Judge Rules Indians Do Not Have Right to Commercial Logging
MADISON, Wis. (AP) _ State officials applauded a federal judge’s ruling that treaty rights of Wisconsin’s Chippewa tribe do not include commercial logging on public lands.
A Chippewa activist called the decision ″just another hurdle″ and urged an appeal, but the state’s top legal officer said today the two sides may try to negotiate a settlement to their differences.
The ruling Thursday by U.S. District Judge Barbara Crabb means ″400,000 acres of state forest land and 1.8 million acres of county land will not be subject to tribal harvest,″ said George E. Meyer, enforcement chief for the state Department of Natural Resources.
The forests are among those used by Wisconsin’s $8 billion-a-year forest- products industry.
In reversing an earlier decision, Crabb said the treaties allow Indians to cut timber for free only for personal uses such as firewood and ceremonies.
Her 39-page ruling said federal court decisions affirming the treaties did not include commercial timber harvesting in northern Wisconsin among the Chippewa’s rights.
Under treaties that ceded the northern third of the state to the United States in the 19th century, Wisconsin’s six Chippewa bands retain the right to spearfish, hunt and cut timber off-reservation on public lands in the region.
Critics claimed the treaty rights were unfair to non-Indians. They have staged large, sometimes violent protests during the Chippewa’s spring spearfishing season. Non-Indians are banned from using spears.
At a news conference today, Attorney General James Doyle joined other state officials in claiming victory, but noted that the Chippewa have also won important court victories in the last few years. He said negotiations, rather than further appeals, may be the answer to the dispute.
″I believe it is time for both sides to see if this set of rulings is something we can live with,″ Doyle told a news conference.
If one side appeals the case, both sides are certain to do so, he said.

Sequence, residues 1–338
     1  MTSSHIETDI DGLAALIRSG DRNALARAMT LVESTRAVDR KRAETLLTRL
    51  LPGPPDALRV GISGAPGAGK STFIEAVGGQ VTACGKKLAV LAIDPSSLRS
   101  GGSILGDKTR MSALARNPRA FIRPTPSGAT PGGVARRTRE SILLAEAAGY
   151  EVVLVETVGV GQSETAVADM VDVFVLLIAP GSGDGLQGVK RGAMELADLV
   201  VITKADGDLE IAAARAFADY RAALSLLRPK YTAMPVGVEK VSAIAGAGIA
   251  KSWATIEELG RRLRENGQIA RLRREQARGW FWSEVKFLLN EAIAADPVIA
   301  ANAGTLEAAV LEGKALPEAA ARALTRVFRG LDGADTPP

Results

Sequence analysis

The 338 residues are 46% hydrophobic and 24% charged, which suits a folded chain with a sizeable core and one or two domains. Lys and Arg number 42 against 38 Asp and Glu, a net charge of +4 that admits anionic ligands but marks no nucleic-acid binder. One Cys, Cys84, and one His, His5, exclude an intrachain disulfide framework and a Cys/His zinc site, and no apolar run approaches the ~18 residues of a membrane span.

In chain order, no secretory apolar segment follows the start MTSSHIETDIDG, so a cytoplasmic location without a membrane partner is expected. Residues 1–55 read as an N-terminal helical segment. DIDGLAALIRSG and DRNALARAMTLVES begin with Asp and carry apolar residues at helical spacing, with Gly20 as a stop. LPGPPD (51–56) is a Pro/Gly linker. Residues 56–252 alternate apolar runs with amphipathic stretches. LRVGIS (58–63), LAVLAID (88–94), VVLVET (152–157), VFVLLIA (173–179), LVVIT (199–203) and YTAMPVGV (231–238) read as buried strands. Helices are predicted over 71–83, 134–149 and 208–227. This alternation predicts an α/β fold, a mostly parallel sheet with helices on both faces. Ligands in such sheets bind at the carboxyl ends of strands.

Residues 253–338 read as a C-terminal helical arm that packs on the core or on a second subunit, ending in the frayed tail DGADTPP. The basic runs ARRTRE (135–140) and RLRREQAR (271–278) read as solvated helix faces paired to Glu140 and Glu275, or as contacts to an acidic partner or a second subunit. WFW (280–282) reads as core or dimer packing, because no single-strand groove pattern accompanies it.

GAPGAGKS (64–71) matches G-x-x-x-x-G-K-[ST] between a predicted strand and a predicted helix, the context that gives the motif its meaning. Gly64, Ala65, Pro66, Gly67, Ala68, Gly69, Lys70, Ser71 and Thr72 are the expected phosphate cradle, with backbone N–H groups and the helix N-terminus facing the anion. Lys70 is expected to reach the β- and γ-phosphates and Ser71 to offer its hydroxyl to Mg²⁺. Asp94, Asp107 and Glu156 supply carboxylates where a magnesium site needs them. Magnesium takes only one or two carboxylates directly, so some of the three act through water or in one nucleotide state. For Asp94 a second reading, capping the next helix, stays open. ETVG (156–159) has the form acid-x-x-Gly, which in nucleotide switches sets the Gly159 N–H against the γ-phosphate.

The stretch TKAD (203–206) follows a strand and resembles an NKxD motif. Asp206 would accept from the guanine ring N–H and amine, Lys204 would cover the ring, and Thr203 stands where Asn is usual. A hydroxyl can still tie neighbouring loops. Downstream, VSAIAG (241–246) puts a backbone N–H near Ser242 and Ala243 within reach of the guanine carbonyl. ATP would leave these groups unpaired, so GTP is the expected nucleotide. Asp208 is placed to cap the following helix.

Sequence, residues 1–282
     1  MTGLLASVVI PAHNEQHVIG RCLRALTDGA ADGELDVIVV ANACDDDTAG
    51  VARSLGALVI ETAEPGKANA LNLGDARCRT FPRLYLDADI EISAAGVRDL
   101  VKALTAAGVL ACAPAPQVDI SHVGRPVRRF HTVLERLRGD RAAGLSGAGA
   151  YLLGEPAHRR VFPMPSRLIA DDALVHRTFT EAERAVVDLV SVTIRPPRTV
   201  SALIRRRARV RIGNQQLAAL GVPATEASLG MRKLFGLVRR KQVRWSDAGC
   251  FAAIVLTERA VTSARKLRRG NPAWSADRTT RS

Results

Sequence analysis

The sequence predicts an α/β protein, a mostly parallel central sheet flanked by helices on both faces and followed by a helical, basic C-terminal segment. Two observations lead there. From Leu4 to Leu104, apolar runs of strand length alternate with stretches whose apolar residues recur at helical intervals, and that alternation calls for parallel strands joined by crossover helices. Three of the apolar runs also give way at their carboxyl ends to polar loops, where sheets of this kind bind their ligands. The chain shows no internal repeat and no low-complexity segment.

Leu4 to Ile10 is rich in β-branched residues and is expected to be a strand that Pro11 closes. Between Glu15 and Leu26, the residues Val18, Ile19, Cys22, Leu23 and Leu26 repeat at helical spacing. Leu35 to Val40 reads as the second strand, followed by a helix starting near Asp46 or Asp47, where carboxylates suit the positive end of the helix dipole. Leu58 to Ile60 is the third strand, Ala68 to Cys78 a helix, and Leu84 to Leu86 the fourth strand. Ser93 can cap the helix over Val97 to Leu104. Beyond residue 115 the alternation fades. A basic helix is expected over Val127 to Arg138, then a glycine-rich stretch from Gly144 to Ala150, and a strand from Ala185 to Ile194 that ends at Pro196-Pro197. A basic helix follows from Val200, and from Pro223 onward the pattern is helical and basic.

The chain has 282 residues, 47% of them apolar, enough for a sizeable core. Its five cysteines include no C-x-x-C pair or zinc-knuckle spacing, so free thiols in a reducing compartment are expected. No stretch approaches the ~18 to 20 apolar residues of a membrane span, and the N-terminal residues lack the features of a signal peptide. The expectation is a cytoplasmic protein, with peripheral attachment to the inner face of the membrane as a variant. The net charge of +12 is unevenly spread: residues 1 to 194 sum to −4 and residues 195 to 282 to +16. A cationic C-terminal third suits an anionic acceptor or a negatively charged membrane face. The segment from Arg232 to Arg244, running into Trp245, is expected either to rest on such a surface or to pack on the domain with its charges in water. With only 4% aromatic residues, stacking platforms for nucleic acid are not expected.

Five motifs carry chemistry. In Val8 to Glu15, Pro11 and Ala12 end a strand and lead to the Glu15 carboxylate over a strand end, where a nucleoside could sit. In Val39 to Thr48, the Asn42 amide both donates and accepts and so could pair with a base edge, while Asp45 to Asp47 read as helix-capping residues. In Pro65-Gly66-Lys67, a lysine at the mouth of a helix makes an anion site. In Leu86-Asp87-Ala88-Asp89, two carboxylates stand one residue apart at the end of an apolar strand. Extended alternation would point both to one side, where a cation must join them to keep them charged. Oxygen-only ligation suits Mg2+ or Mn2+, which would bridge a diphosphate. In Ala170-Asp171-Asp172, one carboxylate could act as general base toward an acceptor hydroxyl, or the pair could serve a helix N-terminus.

Tom Maulson, a Lac du Flambeau Chippewa and organizer of treaty spearfishing outings, said the tribe should appeal.
″It is still a victory in the eyes of the Indian. We have a reaffirmed right to go out there and exercise″ wood-cutting rights, Maulson said.
Mrs. Crabb had ruled in 1988 that previous court rulings defining Chippewa treaty rights included commercial logging. Last year, four Chippewa bands began logging operations in northern Wisconsin forests.
Under Thursday’s ruling, Chippewa members remain entitled to bid on state and county contracts in which loggers pay a fee for the wood they cut.
Mrs. Crabb said the Indians are permitted the rights that they had exercised in 1837 and 1842 when they signed the treaties with the federal government.
″Commercial logging is ... an entirely different activity from any the Chippewa engaged in at treaty time,″ she wrote. ″They did not harvest trees for use as logs or for saw boards.″
She said the treaties allow the Chippewa to gather ″firewood, tree bark, maple syrup, sap, lodge poles, boughs, marsh hay or other miscellaneous forest products,″ as their ancestors did 150 years ago.
The ruling is the last in a series of federal court decisions that have defined Chippewa rights.
The judge scheduled a hearing next week to hear comments before issuing a comprehensive treaty rights judgment.